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Protect the earth, don’t destroy it
It is perplexing… the continual contentious debate about when, where and who should drill for more gas, oil, dig for more coal, uranium, etc. etc. It seems a non-stop, unstoppable, exponentially increasing race of who will get there first, who will extract the most, who will make the most money the fastest and cheapest way. 
The bottom line is making more money and the collateral damage of who and what gets hurt along the way is beside the point. 
I make this statement partly in response to Jeff Peace’s Letter to the Editor (Oct. 15, 2017) on the timing and implementation of the ‘methane rule’ in New Mexico, as my statement is on all extractive activity happening the world over. 
With the mad race to exploit the earth’s remaining resources, the damage being done to the earth and the environment is tremendous and mostly irreparable. There is a limit to natural resources and there is a limit to the life of earth. 
The life of earth is being destroyed for the sake of monetary profit. It perplexes me, extremely, on how the vast majority of leaders in industry, government and science don’t appear to be able to connect the cause and effect here. The leaders who refuse to or simply cannot understand this reality, are actively participating in accelerating the closure of the life of earth and subsequently all life. 
To these leaders, I say ‘consider this and look into the eyes of your young child and grandbabies and tell them you are helping to destroy their world’. Defenders of Earth Mother and water protectors can look into those trusting and innocent eyes and tell them we do all we can to save their future.  
Chili Yazzie
Shiprock, Navajo Nation

Don't push LGBTQ community out of churches

I’m writing to express my disappointment that some of our local pastors continue to push away many in the LGBTQ community by preaching about how “wrong” these lifestyles are.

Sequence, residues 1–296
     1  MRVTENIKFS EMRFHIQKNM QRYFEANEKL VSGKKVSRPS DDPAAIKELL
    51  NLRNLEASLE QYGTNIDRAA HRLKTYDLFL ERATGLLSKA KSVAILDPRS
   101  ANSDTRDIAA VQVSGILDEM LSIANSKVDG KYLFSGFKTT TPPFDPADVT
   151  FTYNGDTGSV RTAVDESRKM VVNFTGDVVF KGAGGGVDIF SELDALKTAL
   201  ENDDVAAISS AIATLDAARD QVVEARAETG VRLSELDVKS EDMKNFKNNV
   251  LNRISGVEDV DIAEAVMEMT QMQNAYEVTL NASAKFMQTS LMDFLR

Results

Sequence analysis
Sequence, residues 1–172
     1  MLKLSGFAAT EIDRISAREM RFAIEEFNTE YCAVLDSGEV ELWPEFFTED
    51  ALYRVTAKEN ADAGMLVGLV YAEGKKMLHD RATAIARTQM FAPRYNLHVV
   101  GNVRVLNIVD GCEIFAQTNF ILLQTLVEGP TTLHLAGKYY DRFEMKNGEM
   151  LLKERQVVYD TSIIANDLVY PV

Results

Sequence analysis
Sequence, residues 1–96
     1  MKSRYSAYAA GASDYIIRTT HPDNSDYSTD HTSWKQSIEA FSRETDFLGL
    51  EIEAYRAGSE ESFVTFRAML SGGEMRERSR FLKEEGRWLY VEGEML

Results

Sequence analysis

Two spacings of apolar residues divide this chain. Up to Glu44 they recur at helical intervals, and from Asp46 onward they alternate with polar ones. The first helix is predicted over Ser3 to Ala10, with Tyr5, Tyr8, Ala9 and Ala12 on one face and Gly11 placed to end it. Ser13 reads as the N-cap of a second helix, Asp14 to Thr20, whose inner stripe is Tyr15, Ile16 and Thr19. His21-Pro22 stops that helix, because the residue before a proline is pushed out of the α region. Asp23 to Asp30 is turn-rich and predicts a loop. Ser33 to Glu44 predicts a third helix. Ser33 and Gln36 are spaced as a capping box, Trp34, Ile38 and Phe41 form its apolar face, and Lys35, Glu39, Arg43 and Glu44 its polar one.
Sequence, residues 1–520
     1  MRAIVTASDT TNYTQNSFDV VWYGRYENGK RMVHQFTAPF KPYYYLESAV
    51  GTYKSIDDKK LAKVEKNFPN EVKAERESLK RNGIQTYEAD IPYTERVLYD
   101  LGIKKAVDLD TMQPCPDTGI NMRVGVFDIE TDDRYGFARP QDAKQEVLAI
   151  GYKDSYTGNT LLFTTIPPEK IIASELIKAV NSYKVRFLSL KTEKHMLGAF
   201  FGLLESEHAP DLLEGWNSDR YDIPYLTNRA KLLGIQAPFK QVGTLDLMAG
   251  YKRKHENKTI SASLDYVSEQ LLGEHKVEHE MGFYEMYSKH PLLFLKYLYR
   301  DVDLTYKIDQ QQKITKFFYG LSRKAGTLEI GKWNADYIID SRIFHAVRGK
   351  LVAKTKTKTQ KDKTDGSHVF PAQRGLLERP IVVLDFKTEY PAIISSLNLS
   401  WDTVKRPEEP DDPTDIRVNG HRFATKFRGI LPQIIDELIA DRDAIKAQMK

While I am straight, I have several gay, lesbian and transgender friends, and some of them have told me that although they grew up attending church and would love to again find a church home, most churches make them feel incredibly alienated. I’m wondering if pastors are aware of the impact such pat statements as “we hate the sin, not the sinner” have on those in the LGBTQ community. Although I’m sure the intent of these statements is to convey that love and acceptance are being offered “anyway,” what is actually being heard is that these individuals are aberrant, and in order to be fully accepted they must eventually change. Who would want to worship in this type of environment? This attitude actually pushes people away from the church and, sometimes, away from God. I can only hope that’s not the intention. 

I am aware some people feel strongly that homosexuality is wrong, and they have the right to believe this. I just hope pastors would ask themselves if alienation is the impact they want to have on others. In addition to those in the LGBTQ community, many of us who are friends and advocates of these individuals are also feeling pushed away, as it seems hypocritical to attend a church that singles out and excludes others.   
On a positive note, I’m very encouraged that some local churches and pastors are, instead, practicing extreme inclusiveness – of all people, regardless of their sexual preferences and gender orientations. They’re reaching out to these people and telling them it’s safe to worship God without fear of being singled out as a “special type of sinner” (maybe I’m wrong, but isn’t this the non-judgmental approach Jesus told us to take?) 
I am also grateful for individuals in our community like the recently-passed Dr. Judy Palier. Judy worked tirelessly to advocate for those in the LGBTQ community and helped to establish the Identity, Inc. Community Center, which provides one more safe, welcoming, and inclusive place. We will probably never know how many lives Judy and the others involved with this center may have saved. She will be sorely missed, but I know there are many others who are continuing on with her efforts. That’s a reason to hope, and a reason to feel pride in our good community.
Leigh Black Irvin
Farmington

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